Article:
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Wheeling Fire Department To Fill Additional Positions

Photos by Scott McCloskey Probationary firefighters go through a number of fire suppression drills at the Wheeling Fire Department’s training tower facility on Wheeling Island this past week.

WHEELING — As the Wheeling Fire Department continues to exhaust its list of qualified applicants looking for a career as a firefighter, department officials are hoping to fill more positions going into the new year for a career that requires the type of person who is willing go above and beyond for the safety of others.

Wheeling Fire Chief Larry Helms said despite receiving a federal grant that will assist the department with hiring six more firefighters, the department continues to have a need to fill additional positions due to a higher number of retirements and resignations within the department this year. He said the deadline for signing up to take the required written exam is Jan. 2. The exam will be given at 6 p.m., Jan. 13.

The fire department currently employs 93 people, including support staff. Helms said there is a minimum staffing of 22 firefighters on each of the three shifts, and the hirings will increase that number to 24 per shift. There are typically 27 firefighters assigned to a shift. He said a federal grant will allow them to hire six additional firefighters because of the growing need.

Senators Joe Manchin, D-W.Va., and Shelley Moore Capito, R-W.Va., announced in October the Wheeling Fire Department was receiving a $723,797 grant from the U.S. Department of Homeland Security to assist the department with additional manpower. Helms said with the ongoing I-70 Bridges Project over the next couple of years, the department is anticipating a greater need for manpower.

Helms said despite recently hiring eight applicants who are currently going through the probationary process, they will have seven additional openings going into the new year. In addition, Helms said they expect to experience a larger than normal number of retirees over the next couple of years.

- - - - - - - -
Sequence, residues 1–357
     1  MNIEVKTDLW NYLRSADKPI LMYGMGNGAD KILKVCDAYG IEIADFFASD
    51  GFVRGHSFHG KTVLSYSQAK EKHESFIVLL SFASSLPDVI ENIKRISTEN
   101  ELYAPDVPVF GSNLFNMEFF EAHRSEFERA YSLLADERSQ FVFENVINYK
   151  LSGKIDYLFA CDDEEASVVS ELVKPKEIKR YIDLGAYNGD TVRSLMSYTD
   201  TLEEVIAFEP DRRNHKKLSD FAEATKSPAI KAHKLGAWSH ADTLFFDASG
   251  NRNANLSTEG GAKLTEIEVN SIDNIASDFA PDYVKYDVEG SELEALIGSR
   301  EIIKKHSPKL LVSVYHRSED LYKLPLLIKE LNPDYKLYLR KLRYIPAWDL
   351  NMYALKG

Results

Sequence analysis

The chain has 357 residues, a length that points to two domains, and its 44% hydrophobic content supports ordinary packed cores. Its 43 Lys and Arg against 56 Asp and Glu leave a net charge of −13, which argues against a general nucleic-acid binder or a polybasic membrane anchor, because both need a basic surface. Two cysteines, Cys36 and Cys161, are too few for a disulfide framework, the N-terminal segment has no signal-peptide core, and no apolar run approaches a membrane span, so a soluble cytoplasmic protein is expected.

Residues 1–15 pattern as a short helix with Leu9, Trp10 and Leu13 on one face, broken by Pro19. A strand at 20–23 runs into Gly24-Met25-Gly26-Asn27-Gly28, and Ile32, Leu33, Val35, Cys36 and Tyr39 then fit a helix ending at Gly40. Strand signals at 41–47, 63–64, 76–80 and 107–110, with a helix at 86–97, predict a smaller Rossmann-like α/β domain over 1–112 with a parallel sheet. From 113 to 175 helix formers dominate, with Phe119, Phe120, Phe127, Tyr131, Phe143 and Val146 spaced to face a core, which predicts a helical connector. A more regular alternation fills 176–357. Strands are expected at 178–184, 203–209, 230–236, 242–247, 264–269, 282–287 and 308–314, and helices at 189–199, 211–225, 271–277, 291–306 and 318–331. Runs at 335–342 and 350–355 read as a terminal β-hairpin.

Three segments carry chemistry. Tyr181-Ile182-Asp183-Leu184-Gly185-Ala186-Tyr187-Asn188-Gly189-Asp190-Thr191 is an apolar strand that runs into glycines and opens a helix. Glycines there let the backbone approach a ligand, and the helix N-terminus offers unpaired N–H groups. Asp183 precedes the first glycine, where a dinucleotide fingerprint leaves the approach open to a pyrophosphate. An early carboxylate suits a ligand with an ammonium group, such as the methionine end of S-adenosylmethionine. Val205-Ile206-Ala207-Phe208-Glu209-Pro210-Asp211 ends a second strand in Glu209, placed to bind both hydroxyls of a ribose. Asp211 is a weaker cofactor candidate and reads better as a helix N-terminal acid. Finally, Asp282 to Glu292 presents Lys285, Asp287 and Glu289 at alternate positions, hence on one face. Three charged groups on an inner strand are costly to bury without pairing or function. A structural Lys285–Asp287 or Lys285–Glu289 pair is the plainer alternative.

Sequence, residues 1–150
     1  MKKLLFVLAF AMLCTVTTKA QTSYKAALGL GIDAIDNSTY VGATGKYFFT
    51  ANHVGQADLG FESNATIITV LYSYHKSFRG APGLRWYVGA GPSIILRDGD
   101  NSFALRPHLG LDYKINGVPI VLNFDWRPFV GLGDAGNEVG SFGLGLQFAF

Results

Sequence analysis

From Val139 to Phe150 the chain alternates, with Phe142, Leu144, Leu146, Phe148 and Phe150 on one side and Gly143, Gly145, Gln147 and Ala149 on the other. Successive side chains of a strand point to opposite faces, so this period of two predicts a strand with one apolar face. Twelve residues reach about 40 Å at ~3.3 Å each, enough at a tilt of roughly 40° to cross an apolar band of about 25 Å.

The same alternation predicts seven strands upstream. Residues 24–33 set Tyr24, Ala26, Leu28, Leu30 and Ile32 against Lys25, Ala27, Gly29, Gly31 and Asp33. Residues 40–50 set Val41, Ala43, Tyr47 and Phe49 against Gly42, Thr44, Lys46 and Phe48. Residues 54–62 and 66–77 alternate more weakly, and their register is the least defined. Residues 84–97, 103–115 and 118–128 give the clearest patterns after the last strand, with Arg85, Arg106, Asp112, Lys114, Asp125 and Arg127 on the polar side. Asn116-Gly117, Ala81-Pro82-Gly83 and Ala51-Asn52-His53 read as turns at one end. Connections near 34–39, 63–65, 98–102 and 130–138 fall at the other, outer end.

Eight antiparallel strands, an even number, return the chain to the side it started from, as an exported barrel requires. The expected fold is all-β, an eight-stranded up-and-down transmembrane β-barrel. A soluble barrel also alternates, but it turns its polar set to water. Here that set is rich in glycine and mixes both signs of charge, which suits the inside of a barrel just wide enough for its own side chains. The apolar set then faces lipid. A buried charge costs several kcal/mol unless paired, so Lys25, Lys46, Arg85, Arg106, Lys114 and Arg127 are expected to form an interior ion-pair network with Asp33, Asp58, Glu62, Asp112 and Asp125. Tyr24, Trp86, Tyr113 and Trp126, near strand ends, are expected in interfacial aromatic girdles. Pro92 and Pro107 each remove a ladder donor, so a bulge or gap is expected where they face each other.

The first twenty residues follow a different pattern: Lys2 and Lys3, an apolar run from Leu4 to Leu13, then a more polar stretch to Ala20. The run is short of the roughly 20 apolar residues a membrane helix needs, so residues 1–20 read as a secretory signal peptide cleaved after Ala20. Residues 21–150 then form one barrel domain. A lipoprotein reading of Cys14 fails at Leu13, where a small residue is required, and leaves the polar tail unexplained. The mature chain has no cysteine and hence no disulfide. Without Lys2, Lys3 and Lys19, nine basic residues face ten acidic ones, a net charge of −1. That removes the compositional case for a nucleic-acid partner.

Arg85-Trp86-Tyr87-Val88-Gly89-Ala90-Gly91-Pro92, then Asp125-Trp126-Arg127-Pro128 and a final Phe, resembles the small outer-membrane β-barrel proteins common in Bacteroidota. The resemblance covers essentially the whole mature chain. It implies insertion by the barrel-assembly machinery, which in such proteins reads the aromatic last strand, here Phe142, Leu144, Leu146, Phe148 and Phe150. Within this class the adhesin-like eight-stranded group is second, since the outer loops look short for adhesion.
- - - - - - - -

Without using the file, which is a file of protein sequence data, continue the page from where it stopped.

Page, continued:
“We are going to have seven open slots and we don’t have enough people left on the list to cover it. So we are going to give another test,” Helms explained. “And it’s time sensitive because we have to have the list available before March so we can hire those folks under the grant,” he added. In addition to passing a written exam, applicants must pass a physical agility test. State code requires that applicants must also be at least 18 years of age, and not older than 35 because of the physical demands.

“What we do is very physically demanding,” Helms commented.

He said the position of firefighter not only requires the type of person who enjoys that type of career, but obviously is willing to put themselves second to those they are serving.

Helms said the funds from the federal grant will be used for increasing their staff. He said the grant assistance hits at the perfect time because the department is going to be dealing with road construction issues over the next couple of years and it will help will staffing different areas of the city.

“What it will allow us to do is actually move our Squad 3 to different locations if needed because of traffic conditions,” he explained.

As the eight newly-hired probationary firefighters were going through various training exercises at the department’s training facility on Wheeling Island this past week, Assistant Chief Jim Blazier said this phase of the training process is as close to the real thing as possible. He said this week they were going through a variety of fire suppression and hose advancement techniques.

Blazier said in addition to classroom training, the probationary firefighters will go through a lot of hand-on training, some of which is held at the department’s training tower. He said in the beginning of the program they train with artificial smoke, before using real smoke at the conclusion of the training.

“We’ve trained them how to use their (self-contained breathing apparatus) that are going to protect them, and now we have them in there (training tower) with multiple instructors so that we are assured that everything goes smoothly,” Blazier commented. “We have plenty of safety measures in place … So this is designed before they get into the real thing.”

Interested applicants can fill out an application at the City of Wheeling’s Human Resource Department or just go online to the city’s website www.wheelingwv.gov and go to the firefighter online application under human resources.

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